Posted in: Breast Cancer Treatment by Dr. Tarang Krishna
Breast cancer is one of the most disturbing experience someone can go through, and yet many patients find many friends and loved ones disappearing from their lives, just when they are most needed.
But for many others, this can be an opportunity to care and connect. However, you should be really careful about what you say to someone going through breast cancer treatment. You must think before you speak and keep the questions or comments focused on helping them and not about you or your life experiences.
Should not say: "How are you doing?"
While this can be a sincere question, it's often replied to with the fake, "I'm fine," while on the inside the patient might be thinking the opposite. Better to say: "Want to grab a coffee and chat?"
Should not say: "You don't look sick."
Patients going through breast cancer treatment knows that she looks sick most of the time. This question can also be misinterpreted in many ways. Instead, it is better to compliment the patient, like for example, you have lovely eyes.
Should not say: "My (someone) had stage 3 cancer and recovered."
Every cancer is different and having your cancer compared to someone else's is disturbing. Also, there are four main types of breast cancer with many rarer varieties, each with their prognosis and treatments. It is better to say: "If you want to talk about it, I would love to hear about your diagnosis.”
Should not say: "I just know that you are going to be fine."
This could backfire because even the doctors don't know for sure if the patient is going to be fine. How can someone claim something like that? It may seem fake to the patient. You can try saying something like: “You are strong and tough.”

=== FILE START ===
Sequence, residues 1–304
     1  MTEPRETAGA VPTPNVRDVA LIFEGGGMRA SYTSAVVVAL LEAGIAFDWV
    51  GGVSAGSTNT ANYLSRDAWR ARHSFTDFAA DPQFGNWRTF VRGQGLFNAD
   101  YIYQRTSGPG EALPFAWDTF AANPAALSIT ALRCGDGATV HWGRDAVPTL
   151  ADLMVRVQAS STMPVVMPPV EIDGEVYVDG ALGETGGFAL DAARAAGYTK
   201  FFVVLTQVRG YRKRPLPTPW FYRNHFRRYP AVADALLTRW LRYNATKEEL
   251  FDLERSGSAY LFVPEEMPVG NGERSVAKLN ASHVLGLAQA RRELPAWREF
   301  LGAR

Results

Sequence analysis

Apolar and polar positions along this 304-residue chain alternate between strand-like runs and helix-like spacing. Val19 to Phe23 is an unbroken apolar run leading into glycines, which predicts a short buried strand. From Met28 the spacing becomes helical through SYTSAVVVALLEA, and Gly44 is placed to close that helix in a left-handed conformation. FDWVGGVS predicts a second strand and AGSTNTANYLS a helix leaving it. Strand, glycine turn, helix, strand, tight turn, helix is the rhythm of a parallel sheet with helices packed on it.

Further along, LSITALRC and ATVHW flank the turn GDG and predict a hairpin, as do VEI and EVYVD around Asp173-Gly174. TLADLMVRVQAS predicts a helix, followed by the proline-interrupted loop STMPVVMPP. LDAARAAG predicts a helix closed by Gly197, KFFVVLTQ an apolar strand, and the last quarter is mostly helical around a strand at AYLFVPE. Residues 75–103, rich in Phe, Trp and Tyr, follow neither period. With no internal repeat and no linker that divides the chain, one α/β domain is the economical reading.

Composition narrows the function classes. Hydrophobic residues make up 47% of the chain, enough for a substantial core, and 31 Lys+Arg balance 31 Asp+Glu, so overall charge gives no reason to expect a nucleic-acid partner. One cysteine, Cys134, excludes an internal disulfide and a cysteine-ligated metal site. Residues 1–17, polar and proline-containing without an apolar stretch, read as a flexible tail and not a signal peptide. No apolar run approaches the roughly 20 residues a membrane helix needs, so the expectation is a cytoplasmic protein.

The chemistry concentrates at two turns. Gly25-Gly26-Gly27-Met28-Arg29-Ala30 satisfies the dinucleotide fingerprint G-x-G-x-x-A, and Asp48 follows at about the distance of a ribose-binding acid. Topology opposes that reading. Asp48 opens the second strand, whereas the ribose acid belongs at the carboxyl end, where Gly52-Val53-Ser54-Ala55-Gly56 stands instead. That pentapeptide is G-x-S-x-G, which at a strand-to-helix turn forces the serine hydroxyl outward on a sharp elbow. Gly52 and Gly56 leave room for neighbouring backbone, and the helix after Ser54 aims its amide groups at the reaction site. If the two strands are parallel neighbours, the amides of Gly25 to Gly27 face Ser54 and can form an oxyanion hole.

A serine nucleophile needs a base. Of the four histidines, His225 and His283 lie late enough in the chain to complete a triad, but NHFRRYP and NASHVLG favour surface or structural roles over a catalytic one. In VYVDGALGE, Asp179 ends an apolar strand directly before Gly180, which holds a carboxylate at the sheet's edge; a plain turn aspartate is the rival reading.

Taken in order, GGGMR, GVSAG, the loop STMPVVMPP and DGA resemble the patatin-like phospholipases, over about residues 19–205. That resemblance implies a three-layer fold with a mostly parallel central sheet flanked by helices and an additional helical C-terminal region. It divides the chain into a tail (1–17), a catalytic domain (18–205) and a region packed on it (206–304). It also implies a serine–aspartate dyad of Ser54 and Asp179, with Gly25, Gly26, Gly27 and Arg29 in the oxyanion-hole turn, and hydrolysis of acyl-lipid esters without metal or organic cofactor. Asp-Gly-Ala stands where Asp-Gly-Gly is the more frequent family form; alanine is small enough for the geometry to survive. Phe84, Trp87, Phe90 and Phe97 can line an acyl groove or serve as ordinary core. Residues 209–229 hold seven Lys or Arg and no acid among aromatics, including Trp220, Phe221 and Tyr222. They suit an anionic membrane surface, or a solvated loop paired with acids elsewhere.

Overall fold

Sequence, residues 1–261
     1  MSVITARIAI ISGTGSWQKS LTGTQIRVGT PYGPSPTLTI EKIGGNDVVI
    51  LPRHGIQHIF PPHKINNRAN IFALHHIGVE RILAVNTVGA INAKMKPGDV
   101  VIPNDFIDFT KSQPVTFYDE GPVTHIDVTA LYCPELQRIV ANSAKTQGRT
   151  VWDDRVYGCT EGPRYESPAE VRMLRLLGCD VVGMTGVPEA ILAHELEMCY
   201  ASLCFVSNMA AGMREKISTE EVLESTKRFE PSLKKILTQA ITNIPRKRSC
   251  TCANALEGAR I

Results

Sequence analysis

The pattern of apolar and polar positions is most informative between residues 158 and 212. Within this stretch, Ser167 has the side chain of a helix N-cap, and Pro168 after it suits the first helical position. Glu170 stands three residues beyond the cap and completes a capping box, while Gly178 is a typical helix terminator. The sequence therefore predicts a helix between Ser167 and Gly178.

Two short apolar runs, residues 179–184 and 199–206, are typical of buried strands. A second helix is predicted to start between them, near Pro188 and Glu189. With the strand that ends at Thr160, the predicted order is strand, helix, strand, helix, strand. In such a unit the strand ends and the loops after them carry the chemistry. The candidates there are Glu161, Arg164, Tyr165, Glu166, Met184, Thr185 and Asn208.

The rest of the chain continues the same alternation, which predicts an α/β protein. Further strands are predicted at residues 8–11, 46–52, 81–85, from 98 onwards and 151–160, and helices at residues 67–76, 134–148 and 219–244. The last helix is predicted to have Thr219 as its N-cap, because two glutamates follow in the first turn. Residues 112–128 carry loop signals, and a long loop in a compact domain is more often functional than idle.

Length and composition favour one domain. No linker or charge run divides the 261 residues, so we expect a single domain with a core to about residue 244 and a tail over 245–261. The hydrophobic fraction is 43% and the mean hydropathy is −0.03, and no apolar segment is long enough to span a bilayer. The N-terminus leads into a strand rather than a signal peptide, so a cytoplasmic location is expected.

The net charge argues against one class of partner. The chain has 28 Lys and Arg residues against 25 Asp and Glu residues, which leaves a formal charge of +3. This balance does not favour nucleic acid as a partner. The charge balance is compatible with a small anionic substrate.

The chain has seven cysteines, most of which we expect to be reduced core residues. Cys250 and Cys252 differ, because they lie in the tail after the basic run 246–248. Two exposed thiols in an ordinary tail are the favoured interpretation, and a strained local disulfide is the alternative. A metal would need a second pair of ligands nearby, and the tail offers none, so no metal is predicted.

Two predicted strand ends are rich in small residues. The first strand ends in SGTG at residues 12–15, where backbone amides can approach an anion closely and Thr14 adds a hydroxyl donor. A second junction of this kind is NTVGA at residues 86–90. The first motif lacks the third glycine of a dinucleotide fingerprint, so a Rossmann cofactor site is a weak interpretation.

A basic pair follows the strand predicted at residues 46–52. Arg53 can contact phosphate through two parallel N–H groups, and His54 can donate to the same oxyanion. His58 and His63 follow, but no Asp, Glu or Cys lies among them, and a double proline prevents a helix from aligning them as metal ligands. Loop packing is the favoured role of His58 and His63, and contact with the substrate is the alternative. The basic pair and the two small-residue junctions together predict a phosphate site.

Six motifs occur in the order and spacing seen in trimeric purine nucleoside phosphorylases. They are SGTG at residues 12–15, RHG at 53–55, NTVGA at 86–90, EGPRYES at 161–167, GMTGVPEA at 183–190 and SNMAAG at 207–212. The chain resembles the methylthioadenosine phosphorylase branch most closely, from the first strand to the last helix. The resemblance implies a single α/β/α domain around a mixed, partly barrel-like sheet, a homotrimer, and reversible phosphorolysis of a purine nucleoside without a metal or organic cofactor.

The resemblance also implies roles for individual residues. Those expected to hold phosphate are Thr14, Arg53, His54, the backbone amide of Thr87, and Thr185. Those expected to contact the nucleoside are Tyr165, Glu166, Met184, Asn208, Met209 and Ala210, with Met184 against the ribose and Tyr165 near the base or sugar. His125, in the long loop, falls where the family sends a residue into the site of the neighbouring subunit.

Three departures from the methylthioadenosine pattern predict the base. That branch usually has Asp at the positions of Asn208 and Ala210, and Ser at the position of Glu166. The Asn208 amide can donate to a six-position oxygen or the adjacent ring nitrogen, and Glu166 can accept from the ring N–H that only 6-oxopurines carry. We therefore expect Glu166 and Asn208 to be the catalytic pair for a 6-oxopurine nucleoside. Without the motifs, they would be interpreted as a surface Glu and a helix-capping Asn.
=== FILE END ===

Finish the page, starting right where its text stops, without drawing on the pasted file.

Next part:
Should not say: "Did you get a second opinion?"
Nobody is mad enough to get their breast cut off without ever double checking to see if there are other options. Unless you are a doctor, any medical opinions or advice should be left alone. It is better to say: "I'm so glad that you have a great team of doctors to help you through this."
Should not say: "Let me know if you need any help."
It's really difficult for anyone, let alone cancer patients, to admit that they need help. It would be better if you think of a specific way to help them and suggest a suitable time for doing so.
Should not say: Anything that starts with, "At least...."
"At least it's not deadly." Or, "at least it's not as bad as it could have been." Saying what something isn’t doesn't change the reality. Instead try: "With the right breast cancer cure, you would recover soon."
Every person who had breast cancer is different, so it's most important to pay attention to what your friend/relative is saying and follow her lead. When in doubt, ask them a question, and then you can get a feel for how much they want to talk.